While the growth of COVID-19 infections is slowing down in some European countries, others are experiencing an increase in case numbers as they head into their third wave of infections. Between the fall’s second wave and the 2021’s third wave, the trajectory of infection numbers became less clear, as countries were battling virus mutations while lockdown fatigue set in for citizens and politicians alike.
According to numbers by Johns Hopkins University published on Our World in Data, the UK and Spain experienced their third waves early on in the year and in short succession with the fall’s second waves. While the UK’s battle with the B.1.1.7 variant and subsequent successful vaccination campaign made for a stark improvement of the situation, Spain recently saw case numbers rise once more in what would constitute a fourth wave for the country.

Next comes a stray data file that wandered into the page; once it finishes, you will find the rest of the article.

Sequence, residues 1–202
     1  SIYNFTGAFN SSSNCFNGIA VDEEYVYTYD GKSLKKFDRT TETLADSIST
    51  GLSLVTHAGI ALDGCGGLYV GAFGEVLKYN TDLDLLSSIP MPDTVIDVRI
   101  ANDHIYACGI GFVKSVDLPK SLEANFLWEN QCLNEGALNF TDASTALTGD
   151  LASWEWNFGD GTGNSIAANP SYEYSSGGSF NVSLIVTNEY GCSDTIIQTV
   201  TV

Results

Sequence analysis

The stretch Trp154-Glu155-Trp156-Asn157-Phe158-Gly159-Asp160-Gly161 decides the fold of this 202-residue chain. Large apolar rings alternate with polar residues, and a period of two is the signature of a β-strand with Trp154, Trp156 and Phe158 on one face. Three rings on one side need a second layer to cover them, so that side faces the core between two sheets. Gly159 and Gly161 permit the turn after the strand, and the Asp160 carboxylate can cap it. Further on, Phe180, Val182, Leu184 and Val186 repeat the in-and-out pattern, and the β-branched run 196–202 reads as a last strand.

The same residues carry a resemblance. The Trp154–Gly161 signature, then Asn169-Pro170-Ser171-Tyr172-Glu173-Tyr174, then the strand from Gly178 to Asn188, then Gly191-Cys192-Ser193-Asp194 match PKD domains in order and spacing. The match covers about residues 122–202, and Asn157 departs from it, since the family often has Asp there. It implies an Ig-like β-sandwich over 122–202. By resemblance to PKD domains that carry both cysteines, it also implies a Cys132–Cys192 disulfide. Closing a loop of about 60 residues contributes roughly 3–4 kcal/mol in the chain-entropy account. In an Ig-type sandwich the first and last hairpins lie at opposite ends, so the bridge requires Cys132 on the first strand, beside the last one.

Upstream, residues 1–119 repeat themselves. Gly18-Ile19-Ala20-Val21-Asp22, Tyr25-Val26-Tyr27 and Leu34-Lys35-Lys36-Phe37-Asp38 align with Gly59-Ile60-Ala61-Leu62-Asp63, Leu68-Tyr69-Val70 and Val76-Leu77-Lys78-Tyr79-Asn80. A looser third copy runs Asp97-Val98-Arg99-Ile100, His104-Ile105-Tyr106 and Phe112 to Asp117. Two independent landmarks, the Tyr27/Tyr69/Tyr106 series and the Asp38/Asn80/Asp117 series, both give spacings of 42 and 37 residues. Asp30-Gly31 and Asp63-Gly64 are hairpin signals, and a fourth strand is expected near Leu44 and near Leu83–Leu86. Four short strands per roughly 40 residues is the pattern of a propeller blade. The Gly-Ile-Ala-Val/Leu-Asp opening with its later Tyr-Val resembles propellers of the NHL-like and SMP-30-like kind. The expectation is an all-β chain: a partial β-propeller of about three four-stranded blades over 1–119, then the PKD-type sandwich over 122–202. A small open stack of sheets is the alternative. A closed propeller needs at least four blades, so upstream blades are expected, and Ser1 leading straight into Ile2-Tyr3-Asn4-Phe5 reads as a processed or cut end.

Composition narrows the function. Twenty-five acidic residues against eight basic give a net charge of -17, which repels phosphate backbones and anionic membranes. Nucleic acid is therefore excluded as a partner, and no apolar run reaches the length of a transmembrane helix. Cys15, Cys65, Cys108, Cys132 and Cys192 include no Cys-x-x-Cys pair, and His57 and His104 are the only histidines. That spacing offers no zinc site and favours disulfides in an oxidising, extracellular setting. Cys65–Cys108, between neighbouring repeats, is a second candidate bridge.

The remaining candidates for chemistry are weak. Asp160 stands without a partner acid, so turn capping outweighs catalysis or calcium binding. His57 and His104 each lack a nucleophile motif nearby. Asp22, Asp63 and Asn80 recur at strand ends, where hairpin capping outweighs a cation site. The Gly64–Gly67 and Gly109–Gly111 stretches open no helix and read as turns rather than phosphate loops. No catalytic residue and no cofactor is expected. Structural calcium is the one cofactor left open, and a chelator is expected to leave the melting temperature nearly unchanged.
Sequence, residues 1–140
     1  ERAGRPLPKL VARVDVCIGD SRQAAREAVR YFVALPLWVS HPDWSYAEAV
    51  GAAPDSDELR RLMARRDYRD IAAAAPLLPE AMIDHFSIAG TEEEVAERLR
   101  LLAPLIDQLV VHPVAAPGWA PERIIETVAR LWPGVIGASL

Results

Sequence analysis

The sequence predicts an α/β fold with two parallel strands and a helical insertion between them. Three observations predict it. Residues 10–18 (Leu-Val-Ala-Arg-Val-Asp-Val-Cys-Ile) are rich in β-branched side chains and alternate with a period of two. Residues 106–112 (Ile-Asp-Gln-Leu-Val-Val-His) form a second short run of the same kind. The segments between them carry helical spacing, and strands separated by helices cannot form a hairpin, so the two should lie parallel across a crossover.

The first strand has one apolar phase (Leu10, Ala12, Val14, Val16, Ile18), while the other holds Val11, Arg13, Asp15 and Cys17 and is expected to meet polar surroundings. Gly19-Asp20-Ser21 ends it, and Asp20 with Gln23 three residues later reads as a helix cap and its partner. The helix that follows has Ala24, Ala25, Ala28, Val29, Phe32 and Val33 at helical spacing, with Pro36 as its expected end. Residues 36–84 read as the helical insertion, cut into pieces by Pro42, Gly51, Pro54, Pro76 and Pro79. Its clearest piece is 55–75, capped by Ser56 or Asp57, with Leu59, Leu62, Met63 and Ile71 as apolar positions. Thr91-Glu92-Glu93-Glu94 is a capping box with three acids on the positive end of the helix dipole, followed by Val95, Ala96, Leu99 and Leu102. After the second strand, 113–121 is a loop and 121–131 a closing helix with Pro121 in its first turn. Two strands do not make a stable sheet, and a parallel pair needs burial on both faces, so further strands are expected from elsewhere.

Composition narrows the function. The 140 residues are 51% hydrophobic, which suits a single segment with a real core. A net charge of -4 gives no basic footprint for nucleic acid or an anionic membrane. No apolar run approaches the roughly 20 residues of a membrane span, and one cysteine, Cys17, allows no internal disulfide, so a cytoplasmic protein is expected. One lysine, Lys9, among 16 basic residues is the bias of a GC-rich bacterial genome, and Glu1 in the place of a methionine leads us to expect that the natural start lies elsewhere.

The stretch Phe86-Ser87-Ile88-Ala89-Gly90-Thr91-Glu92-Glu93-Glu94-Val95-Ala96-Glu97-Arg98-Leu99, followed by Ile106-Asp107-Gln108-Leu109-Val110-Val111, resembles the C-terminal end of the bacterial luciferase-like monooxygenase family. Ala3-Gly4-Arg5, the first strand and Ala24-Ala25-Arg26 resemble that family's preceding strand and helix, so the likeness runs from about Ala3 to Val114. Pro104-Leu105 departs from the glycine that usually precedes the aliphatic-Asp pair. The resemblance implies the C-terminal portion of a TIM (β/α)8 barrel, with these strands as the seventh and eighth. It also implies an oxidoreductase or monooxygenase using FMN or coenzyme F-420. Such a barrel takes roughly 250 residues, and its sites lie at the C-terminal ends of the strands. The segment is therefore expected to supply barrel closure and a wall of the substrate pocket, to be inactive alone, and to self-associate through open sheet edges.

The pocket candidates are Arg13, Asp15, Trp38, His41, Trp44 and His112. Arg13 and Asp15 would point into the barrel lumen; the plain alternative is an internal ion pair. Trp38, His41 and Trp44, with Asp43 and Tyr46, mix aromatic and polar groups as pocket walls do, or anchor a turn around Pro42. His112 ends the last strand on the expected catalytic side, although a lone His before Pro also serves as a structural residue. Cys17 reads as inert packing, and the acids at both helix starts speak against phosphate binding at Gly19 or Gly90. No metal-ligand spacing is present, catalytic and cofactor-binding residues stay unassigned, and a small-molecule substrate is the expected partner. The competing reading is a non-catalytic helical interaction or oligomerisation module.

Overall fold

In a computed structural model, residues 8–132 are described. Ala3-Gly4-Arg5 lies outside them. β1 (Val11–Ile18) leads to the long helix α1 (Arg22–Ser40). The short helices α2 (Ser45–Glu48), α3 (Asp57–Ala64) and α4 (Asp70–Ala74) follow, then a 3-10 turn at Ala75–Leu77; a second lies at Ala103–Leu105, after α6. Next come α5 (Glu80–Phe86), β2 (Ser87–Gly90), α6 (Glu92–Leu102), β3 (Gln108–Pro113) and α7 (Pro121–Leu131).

France was one of the first in Europe to implement a second lockdown in late October, but was more hesitant during the third wave. The country locked down for a third time in mid-March but even one month later, new case numbers show no real improvement.
Germany is in a similar rut. The country went through two waves without ever coming out of its second lockdown, which started November 1, but was tightened significantly on December 16. A hodgepodge of different rules and restrictions in the federal country made getting a handle on the situation more difficult. Federally sanctioned openings started in early March but were almost instantly reversed.
Italy, which like Spain is relying on a regional lockdown system, imposed a tight temporary Easter lockdown but has recently seen third-wave infection numbers fall again.
The recent surge of infections has made France the fourth-most affected country in the world by absolute case numbers, while the UK has descended to rank six.
This chart shows the 7-day rolling average of daily new COVID-19 cases per million of population in selected European countries (2021).
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